“The federal government said ‘we’ll take care of economic development’, and we just disagreed with them on that, and we continue to disagree with them on that,” Horgan told reporters at the B.C. legislature Nov. 28. “We have in B.C. a legendary quality product, and that’s not making its way to the legal market.”

The jokes about the B.C. NDP somehow losing money selling weed are no longer funny. It’s a fact. In her second-quarter budget update, Finance Minister Carole James reported that forecast for B.C. Liquor Distribution Branch income has been lowered $18 million “due to the delayed rollout of private and public cannabis stores and lower-than-anticipated demand.”

Federal excise tax from cannabis, the dollar-a-gram first take for recreational product, is split three quarters for the province and one quarter for Ottawa. The latest forecast downgraded B.C.’s share for the current fiscal year from $38 million to $8 million. Policing and other costs are coming in higher than budgeted.

Horgan acknowledges that the problem is the black market is still here, and the “grey market” that worked through medical dispensaries and compassion clubs, is greatly endangered. One disadvantage is price, with Statistics Canada estimating that legal cannabis is running close to $10 a gram, while illegal product is selling for half that.

Quebec-based Hexo Corp. has a plan for that, and it’s more bad news for “craft cannabis” in B.C. Hexo has launched a budget product for national sales called “Original Stash.” It’s only sold in the old-school 28-gram or one-ounce bag, at $4.99 a gram.

Next part: A craft cannabis grower navigates the regulatory system.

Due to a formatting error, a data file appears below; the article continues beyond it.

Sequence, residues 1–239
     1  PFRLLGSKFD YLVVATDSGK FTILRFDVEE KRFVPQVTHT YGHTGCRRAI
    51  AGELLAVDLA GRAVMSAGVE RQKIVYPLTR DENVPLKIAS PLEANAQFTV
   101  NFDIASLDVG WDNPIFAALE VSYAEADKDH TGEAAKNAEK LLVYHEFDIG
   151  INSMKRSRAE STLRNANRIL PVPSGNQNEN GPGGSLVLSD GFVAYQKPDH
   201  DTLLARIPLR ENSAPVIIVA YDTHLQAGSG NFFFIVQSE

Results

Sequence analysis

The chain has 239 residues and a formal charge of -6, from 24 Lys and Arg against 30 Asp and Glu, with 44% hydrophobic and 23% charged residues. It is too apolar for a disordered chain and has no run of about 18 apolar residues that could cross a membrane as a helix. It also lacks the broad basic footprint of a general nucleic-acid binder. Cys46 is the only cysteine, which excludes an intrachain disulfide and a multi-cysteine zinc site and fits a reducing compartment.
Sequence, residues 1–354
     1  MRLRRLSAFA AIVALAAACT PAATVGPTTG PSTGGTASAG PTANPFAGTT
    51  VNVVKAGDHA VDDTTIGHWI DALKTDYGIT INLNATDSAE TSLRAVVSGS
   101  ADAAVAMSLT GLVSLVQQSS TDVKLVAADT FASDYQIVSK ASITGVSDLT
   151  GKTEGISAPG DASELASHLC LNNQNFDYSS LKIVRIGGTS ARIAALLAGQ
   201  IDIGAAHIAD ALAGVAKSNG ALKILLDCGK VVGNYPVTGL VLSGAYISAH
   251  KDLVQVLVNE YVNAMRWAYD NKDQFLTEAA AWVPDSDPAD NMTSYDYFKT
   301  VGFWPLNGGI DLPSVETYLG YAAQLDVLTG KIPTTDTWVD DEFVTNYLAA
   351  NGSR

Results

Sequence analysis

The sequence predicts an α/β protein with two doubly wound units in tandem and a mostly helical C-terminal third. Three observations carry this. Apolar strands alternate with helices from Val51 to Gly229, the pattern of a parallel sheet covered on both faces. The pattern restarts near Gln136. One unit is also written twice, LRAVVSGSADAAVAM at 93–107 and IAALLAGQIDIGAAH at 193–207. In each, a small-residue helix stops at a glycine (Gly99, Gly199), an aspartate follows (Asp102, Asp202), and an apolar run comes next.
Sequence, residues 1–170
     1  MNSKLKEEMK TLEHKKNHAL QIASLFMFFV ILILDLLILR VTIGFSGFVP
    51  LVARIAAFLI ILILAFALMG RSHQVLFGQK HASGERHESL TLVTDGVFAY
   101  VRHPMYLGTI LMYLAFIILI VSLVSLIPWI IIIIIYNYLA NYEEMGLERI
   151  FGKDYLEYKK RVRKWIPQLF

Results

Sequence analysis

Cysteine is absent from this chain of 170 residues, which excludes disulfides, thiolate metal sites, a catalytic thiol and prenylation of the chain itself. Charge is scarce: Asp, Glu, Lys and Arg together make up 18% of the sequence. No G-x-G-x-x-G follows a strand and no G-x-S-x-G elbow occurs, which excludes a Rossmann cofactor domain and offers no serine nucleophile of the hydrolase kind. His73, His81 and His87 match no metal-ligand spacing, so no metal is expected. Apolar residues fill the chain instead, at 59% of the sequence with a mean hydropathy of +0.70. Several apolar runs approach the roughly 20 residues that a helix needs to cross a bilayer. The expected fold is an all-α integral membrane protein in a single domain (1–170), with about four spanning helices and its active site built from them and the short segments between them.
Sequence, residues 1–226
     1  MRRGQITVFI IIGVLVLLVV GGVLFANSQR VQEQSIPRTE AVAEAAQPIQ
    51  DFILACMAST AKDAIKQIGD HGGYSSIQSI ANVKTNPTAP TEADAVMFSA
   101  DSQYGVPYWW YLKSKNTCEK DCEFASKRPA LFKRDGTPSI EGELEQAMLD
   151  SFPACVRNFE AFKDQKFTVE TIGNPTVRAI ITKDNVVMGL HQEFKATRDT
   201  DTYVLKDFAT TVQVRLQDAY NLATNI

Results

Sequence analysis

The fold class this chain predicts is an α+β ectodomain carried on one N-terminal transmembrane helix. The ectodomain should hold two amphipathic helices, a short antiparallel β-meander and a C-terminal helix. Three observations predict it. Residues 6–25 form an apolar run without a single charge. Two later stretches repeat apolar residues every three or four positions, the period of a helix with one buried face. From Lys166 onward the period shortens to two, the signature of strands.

@tomfletcherbc
tfletcher@blackpress.ca

Like us on Facebook and follow us on Twitter.

BC legislature

Get local stories you won't find anywhere else right to your inbox.
Sign up here

Comments are closed

Just Posted

Police investigate July 2 homicide in Houston

Man succumbed to injuries at Pearson Road residence

QUIZ: Put your knowledge of Canada to the test

How much do you know about our country?

RCMP patrol of smokehouse sparks concerns by Wet’suwet’en hereditary leader

Hereditary Chief Woos says he is feeling uneasy after RCMP attended the smokehouse with rifles

Regional District approved for business liaison grant to assist with COVID-19 recovery

Grant offers each of the northern development regions up to $75,000 in funding

Lines getting painted

June 25 the Houston Mall had their parking lot painted with parking… Continue reading

QUIZ: A celebration of dogs

These are the dog days of summer. How much do you know about dogs?

First glimpse of Canada’s true COVID-19 infection rate expected mid-July

At least 105,000 Canadians have tested positive for COVID-19 since the coronavirus was identified

Police ramp up efforts to get impaired drivers off B.C. roads this summer

July is dedicated to the Summer CounterAttack Impaired Driving Campaign

Migrant workers stage multi-city action for full status amid COVID-19 risks

‘COVID-19 has exacerbated an existing crisis’

Okanagan school drops ‘Rebels’ sports team name, citing links with U.S. Civil War

Name and formerly-used images “fly in the face” of the district’s human rights policy, says board chair

PHOTOS: B.C.’s top doc picks up personalized Fluevog shoes, tours mural exhibition

Murals of Gratitude exhibit includes at least one portrait of Henry alongside paintings of health-care workers

In troubled times: Independence Day in a land of confusion

Buffeted by invisible forces and just plain worn out, the United States of America celebrates its 244th birthday

Stop enforcing sex work laws during COVID-19, advocates say

There are provisions in Canada’s prostitution laws that make workers immune from prosecution, but not from arrest

Liberal party finished 2019 having spent $43 million, raised $42 million

All political parties had until midnight June 30 to submit their financial reports for last year

Most Read